RE: Dave – “If the non-factory teams can’t secure enough funding to race and be competitive, they quit and the full-factory teams have nobody to race and no reason to exist.”

            Factory Honda and Factory Yamaha have been racing each other in MotoGP for quite a while. They aren’t racing anyone else, and they seem fine with that existence. MotoGP viewers aren’t really watching anyone else either. How many MotoGP fans really care who won satellite honors or worse yet, the Open Class Championship (snicker! – the MotoGP equivalent of a participation trophy)? How excited do we really get about that epic battle for 10th place?

          • Dave says:

            In a healthy MotoGP championship, there would be no satellite or Open category. Those designations are simultaneously ways to fill the grid with enough bikes to make it look like a race and explain away their inability to be competitive.

          • Jeremy in TX says:

            RE: Dave – “but I do propose that MotoGP races are decided by equipment 1st, rider talent 2nd.”

            I completely agree with that statement. Honestly, that is what largely draws me to MotoGP. I like that the machine itself is such a force. The manufacturers approach the objective of winning differently, and their ideas of what makes a winning bike can be seen in the advantages and disadvantages of the various factories on the track. I love it, and I wouldn’t want to see that go away.

            The heavy, bike-centric aspect of MotoGP is what differentiates it from other series. If they lose too much of that, then it ceases to be MotoGP in anything other than name. I know they need to find a balance to draw in competitors and viewers, but at the same time they need to be careful not to move too far away from what MotoGP is supposed to represent. I don’t envy the people tasked with that objective.

          • mickey says:

            Re: Jeremy “ That is true for the most part. Moto3 and Moto2 are pretty well equalized, and the front runners, midpackers and laggards tend to be the same guys every race.”

            Same as in MotoGP every week we knew the aliens would be on top, they’d be followed by a second group consisting of Dovi, Iannone, Crutchlow, A Espargaro followed by the Redding, Smith P Espargaro, Petruuci, Hernandez group followed by Bautista, Baz, Miller, Hayden, and lastly the group of Aoyama, Takahashi, DeAngelis, etc. (might have forgot a few but you get my drift)There was sometimes different placings within those groups, or an aberration due to rain or something, but for the most part that’s how it went for 18 races in a row. Some of that isof course equipment and some of that is of course talent. The two combined determines who will be champion (plus some luck along the way)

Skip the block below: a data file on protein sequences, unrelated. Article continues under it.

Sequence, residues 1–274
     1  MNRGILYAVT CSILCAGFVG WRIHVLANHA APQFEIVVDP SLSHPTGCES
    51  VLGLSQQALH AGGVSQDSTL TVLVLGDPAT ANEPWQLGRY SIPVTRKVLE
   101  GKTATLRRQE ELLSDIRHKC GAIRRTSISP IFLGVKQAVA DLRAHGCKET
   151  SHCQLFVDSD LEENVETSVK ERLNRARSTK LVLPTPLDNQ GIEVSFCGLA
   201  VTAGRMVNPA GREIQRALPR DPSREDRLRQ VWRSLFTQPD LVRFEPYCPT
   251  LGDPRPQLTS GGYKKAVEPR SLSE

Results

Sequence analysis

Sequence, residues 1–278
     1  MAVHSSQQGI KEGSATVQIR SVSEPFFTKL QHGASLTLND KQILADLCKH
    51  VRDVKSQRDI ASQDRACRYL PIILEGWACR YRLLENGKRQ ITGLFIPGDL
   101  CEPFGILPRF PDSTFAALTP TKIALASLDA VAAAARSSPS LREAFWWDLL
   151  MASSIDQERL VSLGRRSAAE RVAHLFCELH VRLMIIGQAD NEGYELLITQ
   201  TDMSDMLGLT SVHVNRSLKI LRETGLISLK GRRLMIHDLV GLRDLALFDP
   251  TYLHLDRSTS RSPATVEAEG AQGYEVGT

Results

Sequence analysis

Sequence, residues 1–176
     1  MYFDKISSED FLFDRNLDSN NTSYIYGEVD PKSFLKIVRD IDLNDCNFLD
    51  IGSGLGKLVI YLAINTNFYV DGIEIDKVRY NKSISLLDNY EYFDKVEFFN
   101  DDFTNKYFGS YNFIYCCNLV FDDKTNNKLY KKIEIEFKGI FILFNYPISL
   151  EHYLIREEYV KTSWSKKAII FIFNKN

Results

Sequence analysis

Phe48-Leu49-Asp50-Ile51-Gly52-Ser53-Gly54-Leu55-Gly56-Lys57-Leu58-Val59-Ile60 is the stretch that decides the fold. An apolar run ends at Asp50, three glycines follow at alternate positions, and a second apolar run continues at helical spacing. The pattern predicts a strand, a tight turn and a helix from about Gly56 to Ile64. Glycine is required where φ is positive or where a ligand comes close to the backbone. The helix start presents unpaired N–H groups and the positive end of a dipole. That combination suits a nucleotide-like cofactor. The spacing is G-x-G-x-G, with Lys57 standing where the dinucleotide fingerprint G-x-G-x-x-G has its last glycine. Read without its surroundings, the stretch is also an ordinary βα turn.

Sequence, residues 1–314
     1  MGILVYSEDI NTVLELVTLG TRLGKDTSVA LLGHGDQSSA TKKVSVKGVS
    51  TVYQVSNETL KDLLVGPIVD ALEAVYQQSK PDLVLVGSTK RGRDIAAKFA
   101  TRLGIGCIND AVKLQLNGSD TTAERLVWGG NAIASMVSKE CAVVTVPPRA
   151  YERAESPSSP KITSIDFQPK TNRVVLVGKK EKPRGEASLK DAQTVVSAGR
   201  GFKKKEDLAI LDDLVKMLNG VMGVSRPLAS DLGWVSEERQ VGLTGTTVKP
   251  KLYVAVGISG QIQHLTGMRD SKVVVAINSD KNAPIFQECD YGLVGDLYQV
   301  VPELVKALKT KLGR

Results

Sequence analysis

In Moto 3 the season came down to 3 riders (really only 2, but I’ll say 3) Same as when I checked in on WSBK, in reality at the end of the season there were 2 or 3 guys that can possibly win it.

            Do these guys win because they are on the best equipment. No doubt. They are the best riders, so they have earned the best equipment. The manufacturers rarely risk giving their bikes to second tier riders.

  11. Pigiron says:

    What’s “the Marquez effect?”

    • Dino says:

      At least twice, during testing, MM came up behind the Spec ECU and crashed into it…

      Dorna is looking to impose fines on the ECU.

      • Scott says:

        Can you blame him? The spec ECU was saying mean things about him! It deserved what it got!

        Okay, I’ll stop. 😋

      • Ricky Crue says:

        Oh SNAP!!!! Bahahahahahahahahahahahahahahahahahahahahahahahahahahahahahahahahahahahahahahaha!

  12. mickey says:

    If anyone thinks the bright engineers and electronic wizards at Honda and Yamaha won’t figure this out before next season, they are fooling themselves. Gameboys have been put away and Magnet Marelli ECU and software are the new play toys they get to take home and play with for a few months. Would not bet against the aliens.

    The good news is Ducati and Suzuki are getting more competitive, they’ve got some good one riders, and next season will be even more exciting that last season was, even though the last few races were embroiled in controversy.

    • mickey says:

      “they’ve got some good YOUNG riders,”

      geez even with editing I messed that up

      as an added note that picture of Vinales above is outstanding. What lean angles these guys are able to attain.

  13. Ron H. says:

    Sounds like a flatter playing field. It may be interesting, but after the Marquez effect this past year I’ll not subscribe to MotoGP.com